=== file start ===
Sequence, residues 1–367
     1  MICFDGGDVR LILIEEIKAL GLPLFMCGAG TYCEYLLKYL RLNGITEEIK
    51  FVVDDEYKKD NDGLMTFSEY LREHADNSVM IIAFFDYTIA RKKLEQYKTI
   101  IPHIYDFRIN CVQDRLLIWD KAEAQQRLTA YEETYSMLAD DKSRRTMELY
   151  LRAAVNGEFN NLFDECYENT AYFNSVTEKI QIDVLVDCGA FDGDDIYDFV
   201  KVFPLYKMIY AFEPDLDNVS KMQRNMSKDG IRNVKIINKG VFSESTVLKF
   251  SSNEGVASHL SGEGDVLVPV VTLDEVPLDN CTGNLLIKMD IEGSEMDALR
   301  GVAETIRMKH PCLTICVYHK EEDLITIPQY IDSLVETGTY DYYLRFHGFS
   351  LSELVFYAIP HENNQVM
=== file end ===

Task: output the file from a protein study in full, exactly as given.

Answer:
Sequence, residues 1–367
     1  MICFDGGDVR LILIEEIKAL GLPLFMCGAG TYCEYLLKYL RLNGITEEIK
    51  FVVDDEYKKD NDGLMTFSEY LREHADNSVM IIAFFDYTIA RKKLEQYKTI
   101  IPHIYDFRIN CVQDRLLIWD KAEAQQRLTA YEETYSMLAD DKSRRTMELY
   151  LRAAVNGEFN NLFDECYENT AYFNSVTEKI QIDVLVDCGA FDGDDIYDFV
   201  KVFPLYKMIY AFEPDLDNVS KMQRNMSKDG IRNVKIINKG VFSESTVLKF
   251  SSNEGVASHL SGEGDVLVPV VTLDEVPLDN CTGNLLIKMD IEGSEMDALR
   301  GVAETIRMKH PCLTICVYHK EEDLITIPQY IDSLVETGTY DYYLRFHGFS
   351  LSELVFYAIP HENNQVM